Sunshine and Calm Seas!

Flyer of Lorne
Dave Sturrock
Fri 12 Jun 2009 14:50
37:08.212N 10:22.500E

Friday 29 May, Days Run 157NM

Saturday 30 May, Days Run 134NM

Friday morning found Flyer still under engine with less than 5 knots of N'ly breeze. The calm seas were a contrast to the big seas of the previous 24hours and allowed some recovery time for both crew and boat! The fridge had packed in which was none too handy considering the amount of food stored there and the daytime temperature being around 29 Deg C. This was traced to the power supply connection which had  been immersed in bilge water. The connections were replaced and the unit was soon back in service.

The forward cabin dry powder extinguisher had discharged having had a sailbag fall on top of it creating a fair old mess which was cleaned up.

The cockpit displays for the log, echosounder and wind direction had also packed up which I suspected was due to loss of a common power supply. The main log was still working which along with the GPS made navigatiuon easy. I was never too comfortable approaching landfall after this as there was no reassurance that we had the charted depth under the keel. Losing the wind input also meant we could not set the autohelm to nav wind when we were sailing which also meant a much closer watch had to be kept on the sails and the course.

Checking round the deck fittings I found that the port lower shroud had 1 wire strand broken, this to add to the starboard lower which had already been reported in the same condition on arrival at Gibraltar. This of course meant we would have to nurse the rig through any strong blows that came our way.

In the afternoon we manged to recover the genoa furling swivel which was lodged up the headsail foil. This involved sending a strop with an uphaul and downhaul up the foil and eventually after several attempts securing a loop round the swivel by tightening a timber hitch from deck. I was really impressed that this worked as the last time  I was in this position I had to hoist Richard aloft..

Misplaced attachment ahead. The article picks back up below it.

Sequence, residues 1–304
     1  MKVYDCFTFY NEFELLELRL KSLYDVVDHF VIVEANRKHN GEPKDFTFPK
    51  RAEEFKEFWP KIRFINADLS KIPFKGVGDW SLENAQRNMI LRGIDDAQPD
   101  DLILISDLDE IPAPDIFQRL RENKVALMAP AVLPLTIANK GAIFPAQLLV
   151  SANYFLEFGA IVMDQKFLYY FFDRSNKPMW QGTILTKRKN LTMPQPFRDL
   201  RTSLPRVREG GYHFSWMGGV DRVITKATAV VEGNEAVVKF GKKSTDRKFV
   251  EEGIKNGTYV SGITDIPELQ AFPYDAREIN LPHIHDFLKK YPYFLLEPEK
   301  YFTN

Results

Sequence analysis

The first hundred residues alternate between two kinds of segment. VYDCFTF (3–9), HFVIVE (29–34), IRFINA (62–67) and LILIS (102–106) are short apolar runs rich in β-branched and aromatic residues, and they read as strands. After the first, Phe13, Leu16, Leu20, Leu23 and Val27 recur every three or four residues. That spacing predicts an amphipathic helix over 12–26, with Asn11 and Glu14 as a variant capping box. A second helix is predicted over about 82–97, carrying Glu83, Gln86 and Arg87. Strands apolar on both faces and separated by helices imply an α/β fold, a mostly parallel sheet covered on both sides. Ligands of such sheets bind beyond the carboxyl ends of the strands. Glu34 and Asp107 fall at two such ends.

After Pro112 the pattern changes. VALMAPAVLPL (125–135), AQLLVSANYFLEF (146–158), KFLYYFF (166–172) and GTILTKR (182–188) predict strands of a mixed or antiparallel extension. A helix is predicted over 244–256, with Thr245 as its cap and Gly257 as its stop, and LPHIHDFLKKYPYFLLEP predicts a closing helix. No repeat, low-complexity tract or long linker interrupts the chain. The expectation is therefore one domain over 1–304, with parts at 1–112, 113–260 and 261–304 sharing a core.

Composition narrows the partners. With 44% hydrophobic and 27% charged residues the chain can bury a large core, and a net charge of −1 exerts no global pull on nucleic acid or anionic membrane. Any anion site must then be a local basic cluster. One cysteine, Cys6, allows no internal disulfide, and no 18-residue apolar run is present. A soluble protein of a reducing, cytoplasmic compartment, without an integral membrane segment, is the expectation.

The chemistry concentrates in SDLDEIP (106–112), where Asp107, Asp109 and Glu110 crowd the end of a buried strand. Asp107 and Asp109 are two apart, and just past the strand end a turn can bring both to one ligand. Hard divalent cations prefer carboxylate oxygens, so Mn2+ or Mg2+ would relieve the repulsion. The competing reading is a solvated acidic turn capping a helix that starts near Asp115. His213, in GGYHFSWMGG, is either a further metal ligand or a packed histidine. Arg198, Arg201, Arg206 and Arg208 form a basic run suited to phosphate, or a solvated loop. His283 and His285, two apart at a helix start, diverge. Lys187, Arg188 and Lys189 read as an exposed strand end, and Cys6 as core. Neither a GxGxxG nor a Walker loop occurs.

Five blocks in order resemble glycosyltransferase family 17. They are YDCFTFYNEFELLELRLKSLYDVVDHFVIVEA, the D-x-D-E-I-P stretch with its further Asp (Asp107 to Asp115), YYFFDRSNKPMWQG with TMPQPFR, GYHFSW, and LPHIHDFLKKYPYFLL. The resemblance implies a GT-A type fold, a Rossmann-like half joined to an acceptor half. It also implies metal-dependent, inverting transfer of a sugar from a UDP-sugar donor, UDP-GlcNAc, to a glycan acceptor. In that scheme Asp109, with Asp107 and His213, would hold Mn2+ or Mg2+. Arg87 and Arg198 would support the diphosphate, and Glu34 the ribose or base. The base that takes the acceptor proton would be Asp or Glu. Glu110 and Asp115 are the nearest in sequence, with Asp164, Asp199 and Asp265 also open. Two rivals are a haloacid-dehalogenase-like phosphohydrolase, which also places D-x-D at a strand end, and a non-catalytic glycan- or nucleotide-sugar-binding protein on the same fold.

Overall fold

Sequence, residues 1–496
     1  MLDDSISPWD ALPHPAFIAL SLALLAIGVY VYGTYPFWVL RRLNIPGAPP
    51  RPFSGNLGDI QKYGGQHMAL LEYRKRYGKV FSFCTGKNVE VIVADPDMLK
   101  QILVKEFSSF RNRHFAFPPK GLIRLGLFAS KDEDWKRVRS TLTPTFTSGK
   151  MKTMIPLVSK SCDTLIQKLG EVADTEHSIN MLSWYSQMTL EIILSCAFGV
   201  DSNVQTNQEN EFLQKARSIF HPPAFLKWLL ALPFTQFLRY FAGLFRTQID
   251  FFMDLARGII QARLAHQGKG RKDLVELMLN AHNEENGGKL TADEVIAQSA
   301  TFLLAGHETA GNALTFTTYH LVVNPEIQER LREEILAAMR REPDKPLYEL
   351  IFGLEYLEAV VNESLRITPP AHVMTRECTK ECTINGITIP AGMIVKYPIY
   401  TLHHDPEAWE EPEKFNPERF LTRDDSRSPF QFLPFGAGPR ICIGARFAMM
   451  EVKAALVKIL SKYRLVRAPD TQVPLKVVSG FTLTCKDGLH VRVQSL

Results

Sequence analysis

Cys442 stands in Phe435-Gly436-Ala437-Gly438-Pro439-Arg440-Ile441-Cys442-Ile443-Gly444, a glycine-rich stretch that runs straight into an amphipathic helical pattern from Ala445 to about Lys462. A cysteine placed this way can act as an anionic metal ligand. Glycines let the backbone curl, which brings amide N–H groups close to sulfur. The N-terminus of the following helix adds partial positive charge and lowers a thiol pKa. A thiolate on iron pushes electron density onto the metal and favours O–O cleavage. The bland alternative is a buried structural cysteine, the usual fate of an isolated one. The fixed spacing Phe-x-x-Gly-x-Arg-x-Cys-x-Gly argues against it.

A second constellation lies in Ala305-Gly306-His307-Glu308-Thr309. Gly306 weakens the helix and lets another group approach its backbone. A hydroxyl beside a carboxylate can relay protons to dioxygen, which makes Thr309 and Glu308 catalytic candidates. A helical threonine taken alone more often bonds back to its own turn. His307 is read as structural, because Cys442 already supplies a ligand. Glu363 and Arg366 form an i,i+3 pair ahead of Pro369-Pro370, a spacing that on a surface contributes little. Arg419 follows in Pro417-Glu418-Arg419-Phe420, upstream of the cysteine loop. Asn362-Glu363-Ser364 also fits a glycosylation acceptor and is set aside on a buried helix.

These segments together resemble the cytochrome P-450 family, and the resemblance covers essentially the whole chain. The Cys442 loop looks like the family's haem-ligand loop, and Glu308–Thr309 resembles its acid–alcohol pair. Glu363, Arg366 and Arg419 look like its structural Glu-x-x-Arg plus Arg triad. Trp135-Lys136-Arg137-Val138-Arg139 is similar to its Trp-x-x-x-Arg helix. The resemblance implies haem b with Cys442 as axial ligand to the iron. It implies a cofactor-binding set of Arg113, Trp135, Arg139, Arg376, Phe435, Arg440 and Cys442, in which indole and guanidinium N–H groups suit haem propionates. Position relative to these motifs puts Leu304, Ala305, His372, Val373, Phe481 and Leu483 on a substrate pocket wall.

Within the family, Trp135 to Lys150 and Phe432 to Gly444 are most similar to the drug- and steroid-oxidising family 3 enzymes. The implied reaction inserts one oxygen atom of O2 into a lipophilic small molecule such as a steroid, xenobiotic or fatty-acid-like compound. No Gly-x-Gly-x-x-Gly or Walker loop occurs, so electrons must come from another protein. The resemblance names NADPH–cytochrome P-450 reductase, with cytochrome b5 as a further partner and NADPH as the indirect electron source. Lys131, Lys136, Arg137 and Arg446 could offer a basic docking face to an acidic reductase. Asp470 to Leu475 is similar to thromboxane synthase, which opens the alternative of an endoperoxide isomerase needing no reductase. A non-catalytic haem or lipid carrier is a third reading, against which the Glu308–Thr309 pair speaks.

We hoisted the genoa to test the repair in the light breeze and it held firm.

We did briefly hoist the No 1 gennaker in the evening but then had to resort to engine power once more. Just as well we were carrying an additional 120litres of diesel!

Saturday morning gave us a F3-4 El'y breeze so we began sailing once again close hauled with full sail set. We did put a couple of furls in the genoa just to protect the repaired section.

We had been keeping at least 20NM offshore to keep clear of fishing boats and floats but now found we were heading to clear Cape Blanc in Tunisia. We passed within a few hundred yards of the coastline in the afternoon and saw a rowing boat and some locals ashore. The wind continued to rise to F5 and we soon had a reef in the main and some more rolls in the genoa.

We still had over 200NM to reach our stopover destination of Malta which was a very long beat to windward!

Our onboard meals had been high quality with Zoe and Mick producing the goods every day. now with Flyer on her ear and bouncing around it was Skip's turn go below to rustle up some quick tuna and pasta to keep the crew's strength up.